Every two years the USCF holds elections for its Executive Board (EB), where the 2011 edition was covered on this blog in Odd Man Out. In 2013, there are six candidates for four positions, two of which are for three year terms, and two for two year terms. (I've lost track of why the terms are staggered and couldn't find out the reason in time to write this post.)
The six candidates are Mike Atkins, Randy Bauer, Ruth Haring, Beatriz Marinello, Tim Redman, and Chuck Unruh. All of them appear to be well qualified to serve on the EB. Which should I vote for?
The election has attracted more interest than in previous years and I received four different mailings on the subject. The first was from Tim Redman, followed by one from Bill Goichberg and two (duplicates bearing different dates) cosigned by Garry Kasparov and Rex Sinquefield.
Goichberg recommended a team of Atkins, Bauer, Haring, and Unruh. For reasons I won't repeat here, but which can be found on his web site Checkmate.us, he recommended against Marinello and Redman. Somewhat curiously -- whether by design or coincidence I have no way of knowing -- the Kasparov / Sinquefield team made the same recommendations as Goichberg.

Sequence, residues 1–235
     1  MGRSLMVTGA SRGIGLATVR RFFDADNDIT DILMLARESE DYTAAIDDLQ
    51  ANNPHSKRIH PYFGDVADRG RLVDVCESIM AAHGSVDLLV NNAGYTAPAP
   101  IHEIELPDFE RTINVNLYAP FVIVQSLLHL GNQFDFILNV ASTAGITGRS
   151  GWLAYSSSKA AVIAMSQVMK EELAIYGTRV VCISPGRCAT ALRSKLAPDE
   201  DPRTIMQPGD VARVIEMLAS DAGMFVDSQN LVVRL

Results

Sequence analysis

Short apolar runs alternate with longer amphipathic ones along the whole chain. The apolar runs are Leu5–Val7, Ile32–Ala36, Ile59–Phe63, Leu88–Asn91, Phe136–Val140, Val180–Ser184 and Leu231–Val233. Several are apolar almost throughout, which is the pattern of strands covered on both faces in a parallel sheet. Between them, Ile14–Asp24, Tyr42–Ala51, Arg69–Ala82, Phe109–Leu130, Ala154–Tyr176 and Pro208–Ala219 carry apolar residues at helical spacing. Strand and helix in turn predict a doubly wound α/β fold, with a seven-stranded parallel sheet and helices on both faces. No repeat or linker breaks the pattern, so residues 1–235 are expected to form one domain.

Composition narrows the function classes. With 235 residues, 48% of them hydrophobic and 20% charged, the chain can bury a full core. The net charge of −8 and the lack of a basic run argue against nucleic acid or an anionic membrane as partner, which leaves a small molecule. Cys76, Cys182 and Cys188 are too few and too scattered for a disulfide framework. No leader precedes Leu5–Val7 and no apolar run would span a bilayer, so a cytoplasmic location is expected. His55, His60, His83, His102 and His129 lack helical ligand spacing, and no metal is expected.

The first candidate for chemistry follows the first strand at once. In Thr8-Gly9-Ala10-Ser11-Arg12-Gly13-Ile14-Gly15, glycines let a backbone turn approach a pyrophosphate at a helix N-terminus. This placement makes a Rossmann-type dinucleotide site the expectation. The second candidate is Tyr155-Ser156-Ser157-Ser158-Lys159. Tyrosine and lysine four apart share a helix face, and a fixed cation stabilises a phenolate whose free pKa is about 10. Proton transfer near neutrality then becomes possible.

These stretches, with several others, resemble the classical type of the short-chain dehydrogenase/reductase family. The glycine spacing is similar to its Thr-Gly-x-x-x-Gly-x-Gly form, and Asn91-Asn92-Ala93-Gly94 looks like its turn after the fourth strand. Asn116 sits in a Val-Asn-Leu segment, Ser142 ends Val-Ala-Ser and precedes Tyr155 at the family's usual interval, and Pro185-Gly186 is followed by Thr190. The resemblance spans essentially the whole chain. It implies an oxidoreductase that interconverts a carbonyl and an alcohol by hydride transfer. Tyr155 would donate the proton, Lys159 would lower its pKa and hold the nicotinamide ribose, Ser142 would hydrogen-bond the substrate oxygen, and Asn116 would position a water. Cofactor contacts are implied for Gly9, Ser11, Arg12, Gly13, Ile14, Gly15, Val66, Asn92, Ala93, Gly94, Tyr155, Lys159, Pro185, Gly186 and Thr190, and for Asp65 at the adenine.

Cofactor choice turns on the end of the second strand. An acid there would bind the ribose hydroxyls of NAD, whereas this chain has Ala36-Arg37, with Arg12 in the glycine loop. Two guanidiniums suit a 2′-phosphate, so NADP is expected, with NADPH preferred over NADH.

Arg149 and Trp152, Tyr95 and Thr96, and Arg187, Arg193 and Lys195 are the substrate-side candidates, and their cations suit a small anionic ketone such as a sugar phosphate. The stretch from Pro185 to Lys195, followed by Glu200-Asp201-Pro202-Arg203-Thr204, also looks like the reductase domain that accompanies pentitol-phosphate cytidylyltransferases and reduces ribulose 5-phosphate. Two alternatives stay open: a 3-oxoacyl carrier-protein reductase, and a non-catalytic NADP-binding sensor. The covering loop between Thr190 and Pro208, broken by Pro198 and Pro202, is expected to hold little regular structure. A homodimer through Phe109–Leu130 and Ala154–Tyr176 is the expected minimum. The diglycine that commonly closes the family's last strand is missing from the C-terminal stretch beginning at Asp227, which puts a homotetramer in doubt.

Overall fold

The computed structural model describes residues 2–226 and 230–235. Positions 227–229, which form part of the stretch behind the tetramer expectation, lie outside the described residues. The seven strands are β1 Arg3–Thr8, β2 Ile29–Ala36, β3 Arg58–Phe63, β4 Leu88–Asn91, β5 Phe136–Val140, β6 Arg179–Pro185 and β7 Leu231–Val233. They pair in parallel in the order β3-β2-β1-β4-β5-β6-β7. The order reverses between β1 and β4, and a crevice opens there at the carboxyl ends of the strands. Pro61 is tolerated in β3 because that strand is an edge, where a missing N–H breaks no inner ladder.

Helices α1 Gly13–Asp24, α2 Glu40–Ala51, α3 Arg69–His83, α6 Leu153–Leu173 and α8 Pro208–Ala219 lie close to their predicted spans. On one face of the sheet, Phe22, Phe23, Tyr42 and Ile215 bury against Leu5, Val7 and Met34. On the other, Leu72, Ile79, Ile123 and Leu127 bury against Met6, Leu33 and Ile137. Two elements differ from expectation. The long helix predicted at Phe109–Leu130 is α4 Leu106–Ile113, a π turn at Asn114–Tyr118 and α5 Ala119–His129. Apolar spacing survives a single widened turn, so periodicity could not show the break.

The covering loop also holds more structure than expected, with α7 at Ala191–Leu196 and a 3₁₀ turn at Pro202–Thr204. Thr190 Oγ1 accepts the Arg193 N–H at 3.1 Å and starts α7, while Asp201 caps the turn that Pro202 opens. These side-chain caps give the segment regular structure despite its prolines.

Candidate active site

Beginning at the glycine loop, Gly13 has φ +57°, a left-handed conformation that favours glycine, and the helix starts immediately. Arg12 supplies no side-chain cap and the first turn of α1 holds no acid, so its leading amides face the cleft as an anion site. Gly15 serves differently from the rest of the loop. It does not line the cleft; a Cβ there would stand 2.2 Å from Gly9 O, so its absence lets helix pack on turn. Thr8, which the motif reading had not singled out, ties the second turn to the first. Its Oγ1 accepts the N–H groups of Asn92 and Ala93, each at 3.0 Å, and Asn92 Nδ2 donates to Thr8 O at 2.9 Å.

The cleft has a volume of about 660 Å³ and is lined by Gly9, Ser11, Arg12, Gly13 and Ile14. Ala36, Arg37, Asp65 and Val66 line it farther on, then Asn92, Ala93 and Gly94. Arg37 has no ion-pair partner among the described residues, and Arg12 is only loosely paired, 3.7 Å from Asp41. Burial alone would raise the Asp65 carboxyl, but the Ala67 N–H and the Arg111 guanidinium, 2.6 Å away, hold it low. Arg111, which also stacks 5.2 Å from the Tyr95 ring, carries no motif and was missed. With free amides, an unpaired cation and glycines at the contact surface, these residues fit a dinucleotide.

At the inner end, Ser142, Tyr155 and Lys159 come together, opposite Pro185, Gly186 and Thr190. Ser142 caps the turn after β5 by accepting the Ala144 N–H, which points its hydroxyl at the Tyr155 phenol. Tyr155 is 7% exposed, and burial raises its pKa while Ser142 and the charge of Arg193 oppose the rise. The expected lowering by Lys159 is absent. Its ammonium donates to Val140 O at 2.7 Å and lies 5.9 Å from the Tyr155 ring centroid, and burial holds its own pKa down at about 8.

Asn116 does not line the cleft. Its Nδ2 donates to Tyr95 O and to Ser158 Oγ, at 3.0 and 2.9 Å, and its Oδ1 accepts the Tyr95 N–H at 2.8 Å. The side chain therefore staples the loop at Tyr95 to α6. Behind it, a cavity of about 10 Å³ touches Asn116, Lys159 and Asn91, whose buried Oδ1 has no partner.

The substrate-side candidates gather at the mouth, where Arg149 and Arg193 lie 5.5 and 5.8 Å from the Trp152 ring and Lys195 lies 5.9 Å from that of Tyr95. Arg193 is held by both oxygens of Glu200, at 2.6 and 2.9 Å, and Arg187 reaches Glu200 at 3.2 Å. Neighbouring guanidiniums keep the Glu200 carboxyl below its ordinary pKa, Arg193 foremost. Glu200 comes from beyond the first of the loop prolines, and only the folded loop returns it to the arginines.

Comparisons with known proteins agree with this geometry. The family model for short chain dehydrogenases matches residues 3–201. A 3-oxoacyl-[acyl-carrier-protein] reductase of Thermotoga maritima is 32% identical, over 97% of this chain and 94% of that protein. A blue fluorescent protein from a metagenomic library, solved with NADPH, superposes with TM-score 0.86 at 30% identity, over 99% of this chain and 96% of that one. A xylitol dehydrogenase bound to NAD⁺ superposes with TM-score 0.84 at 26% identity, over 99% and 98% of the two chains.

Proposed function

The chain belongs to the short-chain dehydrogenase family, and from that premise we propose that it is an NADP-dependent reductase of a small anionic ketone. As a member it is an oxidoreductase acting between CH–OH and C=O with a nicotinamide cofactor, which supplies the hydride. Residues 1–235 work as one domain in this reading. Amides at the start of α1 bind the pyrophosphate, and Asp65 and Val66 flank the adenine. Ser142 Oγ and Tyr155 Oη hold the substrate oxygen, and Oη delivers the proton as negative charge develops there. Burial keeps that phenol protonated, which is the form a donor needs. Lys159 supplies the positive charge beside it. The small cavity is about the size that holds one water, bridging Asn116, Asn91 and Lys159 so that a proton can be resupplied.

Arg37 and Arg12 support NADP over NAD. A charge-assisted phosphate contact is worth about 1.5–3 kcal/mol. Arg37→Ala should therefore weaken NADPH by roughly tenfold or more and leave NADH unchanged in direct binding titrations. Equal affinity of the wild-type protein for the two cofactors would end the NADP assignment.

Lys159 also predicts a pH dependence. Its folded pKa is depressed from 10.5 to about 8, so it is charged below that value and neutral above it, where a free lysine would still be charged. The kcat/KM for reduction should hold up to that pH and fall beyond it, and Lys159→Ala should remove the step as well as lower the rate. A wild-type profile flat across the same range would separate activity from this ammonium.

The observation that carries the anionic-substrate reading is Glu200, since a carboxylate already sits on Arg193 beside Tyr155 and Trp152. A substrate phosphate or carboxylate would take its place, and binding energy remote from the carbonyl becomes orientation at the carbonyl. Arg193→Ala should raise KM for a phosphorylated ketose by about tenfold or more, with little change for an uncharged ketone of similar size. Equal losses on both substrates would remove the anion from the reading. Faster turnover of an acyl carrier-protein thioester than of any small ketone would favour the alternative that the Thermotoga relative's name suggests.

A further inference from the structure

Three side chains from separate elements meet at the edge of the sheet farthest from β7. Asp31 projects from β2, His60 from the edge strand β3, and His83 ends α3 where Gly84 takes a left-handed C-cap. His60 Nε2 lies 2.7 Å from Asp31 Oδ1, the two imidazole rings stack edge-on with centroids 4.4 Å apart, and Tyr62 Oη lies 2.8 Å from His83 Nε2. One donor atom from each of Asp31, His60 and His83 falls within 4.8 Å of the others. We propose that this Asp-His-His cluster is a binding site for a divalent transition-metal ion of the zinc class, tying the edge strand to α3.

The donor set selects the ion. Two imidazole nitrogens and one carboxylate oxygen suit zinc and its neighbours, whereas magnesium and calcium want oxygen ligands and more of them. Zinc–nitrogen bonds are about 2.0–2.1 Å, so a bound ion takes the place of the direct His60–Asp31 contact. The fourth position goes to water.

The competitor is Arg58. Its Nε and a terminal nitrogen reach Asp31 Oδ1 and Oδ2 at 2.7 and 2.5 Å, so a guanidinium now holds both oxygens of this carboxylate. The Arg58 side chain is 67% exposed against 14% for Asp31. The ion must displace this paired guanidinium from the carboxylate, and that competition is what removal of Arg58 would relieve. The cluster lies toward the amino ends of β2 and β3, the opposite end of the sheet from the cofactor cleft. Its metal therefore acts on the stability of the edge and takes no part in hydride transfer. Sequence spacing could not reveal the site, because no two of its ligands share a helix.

Since I have no particular reason for preferring any of the six candidates, I will simply follow the recommendations of the three heavyweight insiders. Both Marinello and Redman currently perform valuable service to chess in their current functions and I expect they will continue to do so even if not elected.
Ruth Haring's candidate statement in the May 2013 issue of Chess Life, was illustrated with the following graphic.
As we look forward to the future it is important that we address membership retention. Existing scholastic programs see constant turnover and we see in our membership data, a membership decline beginning around the age of 11.
Scholastic retention is one of the most urgent and least understood puzzles facing the organization (see chart). USCF needs to focus in on this phenomenon to better understand the dynamics in play and develop strategies to convert scholastic members to lifelong members.
This well known phenomenon would be worth a follow-up post.